The third statute involves transactions made in consideration of marriage. To clarify, this statute does not cover instances where there is a breach of a mutual promise to marry. Consequently, a groom may sue his bride for damages based on a verbal promise (Cabague v. Auxilio, G.R. No. 5028, Nov. 26, 1952). What the statute contemplates is a promise by third persons to one of the parties contemplating the marriage. In the case of Domalagan v. Bolifer (G.R. No. 8166, Feb. 8, 1916), the Supreme Court held that a father who verbally agreed and gave money to his son’s fiancĂ© cannot seek the return thereof because the agreement was not evidenced by a note or memorandum.

The fourth statute relates to sale of personal property for a price not less than P500. While this amount may be considered unsubstantial at this age and time, the value of P500 still controls, since there has been no amendment to this provision of law.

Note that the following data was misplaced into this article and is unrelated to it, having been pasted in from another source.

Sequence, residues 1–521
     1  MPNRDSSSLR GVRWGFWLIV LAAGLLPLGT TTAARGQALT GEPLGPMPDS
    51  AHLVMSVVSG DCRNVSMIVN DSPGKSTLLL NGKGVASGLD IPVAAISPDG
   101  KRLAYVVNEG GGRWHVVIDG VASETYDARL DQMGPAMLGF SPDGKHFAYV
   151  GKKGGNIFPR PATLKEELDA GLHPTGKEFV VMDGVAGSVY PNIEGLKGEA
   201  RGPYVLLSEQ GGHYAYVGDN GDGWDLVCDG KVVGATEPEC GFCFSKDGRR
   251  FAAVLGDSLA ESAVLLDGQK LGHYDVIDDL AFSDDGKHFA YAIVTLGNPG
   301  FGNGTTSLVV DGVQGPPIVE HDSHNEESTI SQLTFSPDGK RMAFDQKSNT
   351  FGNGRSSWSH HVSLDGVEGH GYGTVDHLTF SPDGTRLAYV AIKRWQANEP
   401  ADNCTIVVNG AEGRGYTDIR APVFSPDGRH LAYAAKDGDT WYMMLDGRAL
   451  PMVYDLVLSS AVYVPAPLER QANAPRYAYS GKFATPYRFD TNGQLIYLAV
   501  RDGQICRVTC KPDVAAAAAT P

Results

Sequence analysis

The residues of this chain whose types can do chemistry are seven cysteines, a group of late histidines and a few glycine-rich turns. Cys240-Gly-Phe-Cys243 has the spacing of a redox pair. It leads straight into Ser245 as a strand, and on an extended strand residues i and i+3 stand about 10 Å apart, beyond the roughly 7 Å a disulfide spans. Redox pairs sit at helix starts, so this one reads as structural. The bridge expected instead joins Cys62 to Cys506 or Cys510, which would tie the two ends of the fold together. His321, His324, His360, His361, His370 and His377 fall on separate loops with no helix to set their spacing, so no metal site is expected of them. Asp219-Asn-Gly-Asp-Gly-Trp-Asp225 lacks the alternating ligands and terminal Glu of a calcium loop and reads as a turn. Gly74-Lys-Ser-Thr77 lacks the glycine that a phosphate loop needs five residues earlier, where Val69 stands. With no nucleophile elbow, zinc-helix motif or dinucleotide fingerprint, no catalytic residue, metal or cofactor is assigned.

The fifth statute pertains to an agreement for a lease longer than one year. Consequently, a tenant cannot demand for the execution of a supplemental contract of lease for a period longer than of one year based on the landlord’s verbal promise.

The statute also applies to transactions involving the sale of real property or an interest therein. However, where part of the purchase price in an oral contract of sale of real estate had been paid, said partial performance takes the transaction out of the coverage of the statute. This statute only applies to interests involving a perfected contract of sale.